Maryville’s big Nike deal isn’t a blank check.
Alcoa’s dominance of Class 2A football the last five years has put a real hurt on gate receipts for home games.
The athletic departments at both schools still depend heavily on the money coming in when its their turn to host one of the state’s oldest high school football rivalries. Earlier this week, Alcoa athletics director Josh Stephens and Maryville counterpart George Quarles finalized a deal to offset the shortfall when the game is at the other school, reaching an agreement to split the gate 50-50 beginning next season.
Considering the current economic climate, the landmark contract may not be a rarity for very long.
“It was something we’d talked about for a while,” Quarles said. “The rivalry has been good for both of us financially. I think they wanted a little more stability.”
Alcoa won a record fifth consecutive 2A championship last December in Murfreesboro. During the run, the Tornadoes have laid waste to much of its in-classification competition, resulting in sparse crowds in the visiting stands for home games. In years the big game is at Maryville’s Shields Stadium, the Tornadoes get nothing financially from a celebrated rivalry that annually draws in excess of 10,000 fans.
The crowds are no different when the game’s at Alcoa Goddard Field.
“The same crowds that are coming to Maryville are coming to Alcoa,” Stephens said. “They’re going to bring their fans, and we’re going to bring our fans.”
With the cost of funding high school athletics only going up and with school system funding for sports are very real concern in coming years, the new agreement means neither school is left out in the cold when its the other team’s year to host, Stephens said.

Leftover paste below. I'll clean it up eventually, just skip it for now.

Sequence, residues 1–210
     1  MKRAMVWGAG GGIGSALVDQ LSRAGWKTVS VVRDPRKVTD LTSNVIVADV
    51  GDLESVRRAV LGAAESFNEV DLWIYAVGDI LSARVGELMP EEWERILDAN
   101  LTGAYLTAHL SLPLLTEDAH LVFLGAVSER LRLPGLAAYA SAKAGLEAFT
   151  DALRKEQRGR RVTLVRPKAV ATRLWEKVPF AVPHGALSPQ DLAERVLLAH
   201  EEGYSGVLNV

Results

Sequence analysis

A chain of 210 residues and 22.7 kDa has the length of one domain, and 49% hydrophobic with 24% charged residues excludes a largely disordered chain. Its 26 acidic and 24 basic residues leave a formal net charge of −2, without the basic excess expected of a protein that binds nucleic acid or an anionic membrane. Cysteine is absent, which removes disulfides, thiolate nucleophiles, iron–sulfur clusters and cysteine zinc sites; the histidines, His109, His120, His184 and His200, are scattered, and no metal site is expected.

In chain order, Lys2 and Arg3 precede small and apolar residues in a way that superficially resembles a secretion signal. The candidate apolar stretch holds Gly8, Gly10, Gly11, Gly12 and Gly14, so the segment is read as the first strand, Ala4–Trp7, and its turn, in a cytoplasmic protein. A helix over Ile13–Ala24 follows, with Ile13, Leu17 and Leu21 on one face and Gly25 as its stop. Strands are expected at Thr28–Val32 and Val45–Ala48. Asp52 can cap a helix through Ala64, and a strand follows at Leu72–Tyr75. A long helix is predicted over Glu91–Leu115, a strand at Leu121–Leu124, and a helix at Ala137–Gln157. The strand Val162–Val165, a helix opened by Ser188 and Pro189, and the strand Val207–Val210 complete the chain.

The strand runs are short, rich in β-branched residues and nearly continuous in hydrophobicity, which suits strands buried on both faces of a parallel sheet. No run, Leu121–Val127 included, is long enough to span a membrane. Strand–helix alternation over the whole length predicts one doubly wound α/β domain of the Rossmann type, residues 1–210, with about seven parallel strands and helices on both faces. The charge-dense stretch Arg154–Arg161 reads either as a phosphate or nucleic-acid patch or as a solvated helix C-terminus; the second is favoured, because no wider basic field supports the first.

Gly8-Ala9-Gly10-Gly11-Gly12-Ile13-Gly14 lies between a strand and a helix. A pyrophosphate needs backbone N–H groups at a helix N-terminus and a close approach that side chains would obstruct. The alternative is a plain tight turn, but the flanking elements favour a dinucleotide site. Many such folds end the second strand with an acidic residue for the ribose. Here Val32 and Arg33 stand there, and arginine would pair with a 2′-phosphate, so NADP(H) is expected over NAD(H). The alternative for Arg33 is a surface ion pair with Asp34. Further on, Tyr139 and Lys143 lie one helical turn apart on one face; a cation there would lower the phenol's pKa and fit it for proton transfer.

“If you’re splitting that, it’s a lot easier to manage the budget,” Stephens said. “I just think it’s of great benefit for both schools. Publicly, this shows the support for both schools, by both schools.”
Key in the deal was how to handle season tickets at Maryville and all-sports passes within the Alcoa system. Both schools set the limits for season tickets and passes within the agreement at levels higher than the current sales, leaving those revenue sources unaffected.
Funding for athletics is a concern even for schools like Maryville, whose sports teams consistently rank among the state’s best. The football Rebels won a state record 74 consecutive games over the last five years, a run encompassing four consecutive Class 4A championships that prompted sports apparel giant Nike to make Maryville the company’s only corporate-sponsored high school in Tennessee.
The Nike sponsorship - largely the work of former Maryville athletics director Jerry Thompson, Quarles said - entitles Maryville sports teams to retail credits for Swoosh apparel - after first purchasing Nike jerseys. The sponsorship is a big help, Quarles said. It is not a free ride.
“The perception is we get money from Nike,” Quarles said, “and that’s just not the case.”
The idea for the agreement with the Rebels came about during a round of golf with Quarles, Stephens said.
“It all started with us just kidding around on the golf course or wherever,” he said.
The novel approach in helping to balance their athletic budgets gained traction after Stephens put forth an offer the Rebels couldn’t refuse, Quarles said.
“It wasn’t very hard to negotiate,” he said. “It was very fair. It was not tough to do. Nobody’s losing money on this thing. I don’t want people to think we’re giving Alcoa our money.”
His friendship and a strong working relationship with Quarles made the deal possible, Stephens said, but make no mistake who he’ll be rooting for when the Rebels visit Goddard FIeld in Week 1 this fall.
Financial realities are one thing.
“I hope Maryville wins every game but one,” Stephens said, “and I’m sure (Quarles) feels the same way.”